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Tengwar Challenge 5

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  • Chris Ruzin
    OK, the fifth Tengwar Challenge is up at http://www.chrisruzin.net/comments/962_0_1_0_C/. This time, there s only one word I m not sure about, a-swing . I m
    Message 1 of 4 , Aug 27, 2003
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      OK, the fifth Tengwar Challenge is up at
      http://www.chrisruzin.net/comments/962_0_1_0_C/. This time, there's
      only one word I'm not sure about, "a-swing".

      I''m also trying to figure out when (and if) I should use compound
      carriers in place of diphthongs. Take for example 'ea':

      • "heaven" - short e, silent a (a compound carrier makes sense here)
      • "sea" - long e, silent a (right now I write it the same as in
      "earth", but because it sounds different, should I write it different?)
      • "heart" - silent e, short a (I write it with an e-tehta over a
      carrier, and the a-tehta over 'ore', but there are other options)
      • "earth" - short u (I know Tolkien used e-tehta over stemless 'calma'
      for this, so I will to)

      Take care,
      Chris

      --
      Chris Ruzin
      www.chrisruzin.net
    • Mach Hezan
      ... I d suggest that it doesn t depend on the pronunciation, but only on whether it s one syllable or two: One syllable - one sign; two syllables - two signs.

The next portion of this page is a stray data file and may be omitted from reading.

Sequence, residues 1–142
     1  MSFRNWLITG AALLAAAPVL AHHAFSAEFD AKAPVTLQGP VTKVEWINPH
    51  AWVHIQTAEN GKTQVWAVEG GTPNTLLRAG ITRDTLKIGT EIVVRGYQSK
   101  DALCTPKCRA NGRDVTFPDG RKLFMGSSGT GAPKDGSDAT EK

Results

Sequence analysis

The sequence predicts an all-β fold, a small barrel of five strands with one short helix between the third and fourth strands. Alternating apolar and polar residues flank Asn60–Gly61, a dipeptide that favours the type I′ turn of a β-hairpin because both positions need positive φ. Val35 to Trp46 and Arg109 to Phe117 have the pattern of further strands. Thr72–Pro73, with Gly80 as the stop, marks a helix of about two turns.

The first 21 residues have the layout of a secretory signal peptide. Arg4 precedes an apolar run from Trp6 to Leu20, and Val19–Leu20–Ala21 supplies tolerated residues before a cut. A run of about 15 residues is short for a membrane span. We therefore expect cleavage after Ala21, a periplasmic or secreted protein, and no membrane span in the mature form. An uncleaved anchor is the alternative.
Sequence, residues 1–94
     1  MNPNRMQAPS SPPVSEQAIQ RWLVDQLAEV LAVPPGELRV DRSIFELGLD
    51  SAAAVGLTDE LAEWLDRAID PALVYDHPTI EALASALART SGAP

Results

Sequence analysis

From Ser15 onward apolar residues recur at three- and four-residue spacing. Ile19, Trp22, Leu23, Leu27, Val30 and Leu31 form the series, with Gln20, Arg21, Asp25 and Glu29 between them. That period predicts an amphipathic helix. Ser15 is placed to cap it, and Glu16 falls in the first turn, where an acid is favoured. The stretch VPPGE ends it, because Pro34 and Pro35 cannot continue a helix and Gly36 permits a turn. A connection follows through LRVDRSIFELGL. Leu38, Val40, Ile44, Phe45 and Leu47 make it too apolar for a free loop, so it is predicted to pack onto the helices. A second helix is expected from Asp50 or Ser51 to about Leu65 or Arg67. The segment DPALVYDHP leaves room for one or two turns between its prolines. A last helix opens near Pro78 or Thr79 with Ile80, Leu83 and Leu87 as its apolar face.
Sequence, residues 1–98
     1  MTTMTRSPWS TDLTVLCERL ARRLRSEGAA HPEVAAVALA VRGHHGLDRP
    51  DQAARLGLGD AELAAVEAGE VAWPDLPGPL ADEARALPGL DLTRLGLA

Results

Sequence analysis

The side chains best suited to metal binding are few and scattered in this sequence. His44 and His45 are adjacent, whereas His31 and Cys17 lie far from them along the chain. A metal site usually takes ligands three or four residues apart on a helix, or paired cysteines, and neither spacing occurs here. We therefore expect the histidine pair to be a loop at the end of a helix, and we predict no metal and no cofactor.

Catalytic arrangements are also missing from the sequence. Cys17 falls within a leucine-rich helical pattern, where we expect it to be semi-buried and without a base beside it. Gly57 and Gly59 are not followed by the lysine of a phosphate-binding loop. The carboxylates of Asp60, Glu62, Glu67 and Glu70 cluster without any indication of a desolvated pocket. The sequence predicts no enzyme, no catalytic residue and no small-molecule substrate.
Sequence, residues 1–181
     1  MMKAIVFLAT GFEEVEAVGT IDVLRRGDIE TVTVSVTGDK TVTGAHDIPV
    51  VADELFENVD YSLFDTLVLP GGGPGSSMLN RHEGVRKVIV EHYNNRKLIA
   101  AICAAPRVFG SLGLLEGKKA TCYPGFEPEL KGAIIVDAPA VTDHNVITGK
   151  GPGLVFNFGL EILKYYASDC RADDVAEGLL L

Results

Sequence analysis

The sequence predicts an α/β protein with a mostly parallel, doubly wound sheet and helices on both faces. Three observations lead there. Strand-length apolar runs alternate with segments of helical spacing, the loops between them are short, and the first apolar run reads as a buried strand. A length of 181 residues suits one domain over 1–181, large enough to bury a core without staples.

Message 2 of 4 , Aug 28, 2003
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        Chris teithant:
        > I''m also trying to figure out when (and if) I should use compound
        > carriers in place of diphthongs. Take for example 'ea':

        I'd suggest that it doesn't depend on the pronunciation, but only on whether
        it's one syllable or two: One syllable - one sign; two syllables - two
        signs. According to this I'd write the <ea> of all 'heaven, sea, heart,
        earth' with one sign (stemless calma + acute), but the <ea> of 'real,
        theater' with two signs (short carrier + acute, a-tehta on the next sign).
        The same with 'blue' - one sign - vs. 'cruel' - two signs.

        I'm recommending this because I believe that there's a basic relation
        between vowel tehtar and syllables: one syllable - one vowel tehta. (I know
        that there are some examples of more than one vowel tehta in the same
        syllable, but I think they're all exceptions.)

        Concerning the challenge: As far as I've understood the words, I've only one
        comment:

        I'd spell the <er> in 'keener' with oore and a point below, as this is the
        most common spelling of the '-er' ending. The explanation's simple: The 'e'
        is mute, because the 'r' functions as a vowel, similar to the 'm' in
        'rhythm'.

        suilaid
        mach
      • DDanielA@webtv.net
        Very few notes, really. Sympathy: th is voiceless, so it should be thúle rather than anto. river, keener: The e of er in both should be written as a dot
        Message 3 of 4 , Aug 31, 2003
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          Very few notes, really.

          Sympathy: 'th' is voiceless, so it should be thúle rather than anto.